GPD takes part in hostage rescue training
Published 12:00 am Saturday, October 8, 2005
From the viewpoint of a hostage, five men strapped in bulletproof vests rushing onto a hijacked bus with pistols drawn can be a welcome sight.
This week, members of the Greenville Police Department spent four days training for situations just like the one described above. The bus assault was part of T.E.E.S. (Tactical Explosive Entry Training), as police officers received instruction on everything from close quarter tactical shooting to car takedowns and room combat.
Todd Taylor, with T.E.E.S, served as the course instructor. Taylor said T.E.E.S was established in 1991 and operates out of Memphis.
“We provide special operations and hostage rescue training for military and law enforcement around the country and the world,” he said.
The course was contracted and hosted by the Greenville Police Department, but members of other law enforcement agencies - Prattville, Monroeville, for example - were also involved.
On Thursday, five-man teams practiced storming an old school bus at the Greenville Police Department’s firing range under the instruction of Taylor. Hostages were led out single file.
Sgt. Justin Lovvorn said the group of 18 men also received a hands-on look at a flashbang, a grenade that emits a blinding flash and deafening sound, during training in Montgomery this week. When tossed into a room, a flashbang incapacitates a group of suspects, allowing the hostage rescue team a certain element of surprise during a room breach.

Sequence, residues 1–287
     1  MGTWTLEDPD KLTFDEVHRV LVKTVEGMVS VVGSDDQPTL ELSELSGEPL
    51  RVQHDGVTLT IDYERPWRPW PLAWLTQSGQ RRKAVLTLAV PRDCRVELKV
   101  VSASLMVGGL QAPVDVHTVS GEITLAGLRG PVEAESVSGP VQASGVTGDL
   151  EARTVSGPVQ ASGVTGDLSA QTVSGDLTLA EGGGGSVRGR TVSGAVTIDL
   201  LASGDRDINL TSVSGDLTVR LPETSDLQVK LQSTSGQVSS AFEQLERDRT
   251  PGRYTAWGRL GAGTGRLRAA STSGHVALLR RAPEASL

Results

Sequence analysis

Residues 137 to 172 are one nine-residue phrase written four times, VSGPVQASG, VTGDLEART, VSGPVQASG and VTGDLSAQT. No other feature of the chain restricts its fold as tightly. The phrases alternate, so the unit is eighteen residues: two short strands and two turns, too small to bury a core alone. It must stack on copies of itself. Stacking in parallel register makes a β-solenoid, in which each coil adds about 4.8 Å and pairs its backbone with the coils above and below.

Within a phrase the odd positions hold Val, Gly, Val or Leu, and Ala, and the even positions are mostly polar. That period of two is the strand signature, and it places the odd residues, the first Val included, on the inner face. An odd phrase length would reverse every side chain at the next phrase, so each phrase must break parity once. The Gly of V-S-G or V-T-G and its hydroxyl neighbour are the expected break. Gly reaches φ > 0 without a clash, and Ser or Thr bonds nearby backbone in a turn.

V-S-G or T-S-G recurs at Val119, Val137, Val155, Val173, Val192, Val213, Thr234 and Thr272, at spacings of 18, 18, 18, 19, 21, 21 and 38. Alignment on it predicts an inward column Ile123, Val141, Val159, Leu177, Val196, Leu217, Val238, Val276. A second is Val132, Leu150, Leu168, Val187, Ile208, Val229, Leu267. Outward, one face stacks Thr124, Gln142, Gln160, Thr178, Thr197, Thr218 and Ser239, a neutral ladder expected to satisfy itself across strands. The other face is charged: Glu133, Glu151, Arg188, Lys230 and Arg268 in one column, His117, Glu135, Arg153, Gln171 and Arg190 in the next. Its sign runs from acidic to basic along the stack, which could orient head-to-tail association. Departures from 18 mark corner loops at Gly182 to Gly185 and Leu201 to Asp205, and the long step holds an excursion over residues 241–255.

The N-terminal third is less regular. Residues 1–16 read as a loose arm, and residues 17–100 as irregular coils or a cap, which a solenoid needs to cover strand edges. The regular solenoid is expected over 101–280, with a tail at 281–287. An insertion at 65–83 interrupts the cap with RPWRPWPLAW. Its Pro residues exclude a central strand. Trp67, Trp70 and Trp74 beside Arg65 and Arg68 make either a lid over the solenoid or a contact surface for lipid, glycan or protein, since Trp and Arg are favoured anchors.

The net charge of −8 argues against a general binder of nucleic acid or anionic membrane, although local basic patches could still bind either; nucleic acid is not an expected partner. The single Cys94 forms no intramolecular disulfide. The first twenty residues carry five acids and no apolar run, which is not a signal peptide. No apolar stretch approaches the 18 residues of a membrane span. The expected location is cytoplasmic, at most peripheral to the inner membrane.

“Very loud,” was how Lovvorn described the experience. “We all had a chance to use them later during a live-fire exercise.”
Other training involved a building assault, utilizing the ROTC facility at the old Greenville High School on School Highland’s Rd.
Lt. Randy Courtney said with his department pulling out of the 2nd Judicial Drug Task Force, there was the need to have a tactical unit in place that could serve search warrants in high-risk situations. The teams’ official designation will as the Special Response and High Risk Warrant Team.
“We’ll now have a dedicated team in place to serve those warrants,” said Taylor. “They’ll be professional and more educated in what they’re doing. It’s a win-win situation, is what I think.”
Courtney said the T.E.E.S course was the best available. He said it was a departmental decision to host the training in Greenville.
The reason, he said, is an obvious one.
“A lot of departments send a guy off and get them trained and then that guy will come back and train the rest of the department,” he said. “But I wanted to get as many as our guys as I could through the same training so they’d all be on the same sheet of music, so to speak.”
Jason Pouncey, a paramedic/fireman with the Greenville Fire Department, also attended the training. Lovvorn said Pouncey’s job would be to provide medical assistance in case a team member went down.
“He’s not going to be a front man in the door or anything like that, but he will be, theoretically, sworn in as a reserve officer,” Lovvorn said. “If an officer goes down, we can pull him out and Jason will be right there to help.”